Maturity (finance)

Maturity (finance)

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In finance, maturity or maturity date refers to the final payment date of a loan
A loan is a type of debt. Like all debt instruments, a loan entails the redistribution of financial assets over time, between the lender and the borrower....

 or other financial instrument, at which point the principal (and all remaining interest
Interest is a fee paid by a borrower of assets to the owner as a form of compensation for the use of the assets. It is most commonly the price paid for the use of borrowed money, or money earned by deposited funds....

) is due to be paid.

The term fixed maturity is applicable to any form of financial instrument under which the loan is due to be repaid on a fixed date. This includes fixed interest and variable rate loans or debt instruments, whatever they are called, and also other forms of security such as redeemable preference shares, provided their terms of issue specify a maturity date. It is similar in meaning to 'redemption date'. However some such instruments may have no fixed maturity date. Loans with no maturity date continue indefinitely (unless repayment is agreed between the borrower and the lenders at some point) and may be known as 'perpetual stocks'. Some instruments have a range of possible maturity dates, and such stocks can usually be repaid at any time within that range, as chosen by the borrower.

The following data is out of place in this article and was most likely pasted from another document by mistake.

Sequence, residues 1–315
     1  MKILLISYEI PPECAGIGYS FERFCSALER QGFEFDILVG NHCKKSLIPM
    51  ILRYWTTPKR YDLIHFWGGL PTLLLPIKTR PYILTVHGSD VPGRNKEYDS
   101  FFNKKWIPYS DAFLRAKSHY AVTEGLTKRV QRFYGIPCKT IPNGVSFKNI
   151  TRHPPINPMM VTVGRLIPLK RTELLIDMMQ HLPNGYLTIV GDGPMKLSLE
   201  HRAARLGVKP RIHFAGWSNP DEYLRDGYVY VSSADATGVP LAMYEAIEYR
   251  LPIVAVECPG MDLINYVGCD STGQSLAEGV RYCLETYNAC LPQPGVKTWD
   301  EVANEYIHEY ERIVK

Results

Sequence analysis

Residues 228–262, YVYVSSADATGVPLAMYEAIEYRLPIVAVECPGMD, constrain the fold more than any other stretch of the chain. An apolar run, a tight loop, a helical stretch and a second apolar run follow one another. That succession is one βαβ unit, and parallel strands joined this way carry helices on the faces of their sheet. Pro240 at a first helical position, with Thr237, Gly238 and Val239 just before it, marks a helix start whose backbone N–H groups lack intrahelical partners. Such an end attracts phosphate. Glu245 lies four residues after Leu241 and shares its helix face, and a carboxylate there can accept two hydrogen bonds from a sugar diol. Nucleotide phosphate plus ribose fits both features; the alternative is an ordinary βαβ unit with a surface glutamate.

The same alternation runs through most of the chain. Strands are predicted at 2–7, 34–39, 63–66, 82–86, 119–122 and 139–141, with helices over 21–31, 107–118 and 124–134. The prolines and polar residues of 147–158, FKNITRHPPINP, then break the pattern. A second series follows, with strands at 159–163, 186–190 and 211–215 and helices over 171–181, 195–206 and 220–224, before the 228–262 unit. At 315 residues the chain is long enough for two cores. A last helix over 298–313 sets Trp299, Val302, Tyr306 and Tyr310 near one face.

A serial maturity is when bonds are all issued at the same time but are divided into different classes with different, staggered redemption dates.

In the financial press the term maturity is sometimes used as shorthand for the securities themselves, for instance In the market today, the yields on 10 year maturities increased means that the prices of bonds due to mature in 10 years time fell, and thus the redemption yield on those bonds increased.

See also

  • Deferred financing cost
    Deferred financing cost
    Deferred financing costs or debt issuance costs is an accounting concept meaning costs associated with issuing debt , such as various fees and commissions paid to investment banks, law firms, auditors, regulators, and so on. Since these payments generate future benefits, they are treated as an asset...

  • Rolling (finance)
    Rolling (finance)
    Rolling a contract is an investment concept meaning trading out of a standard contract and then buying the contract with next longest maturity, so as to maintain a position with constant maturity.-Motivation:...

Could aslo be considered in another context as A person who may be more grown up as another person.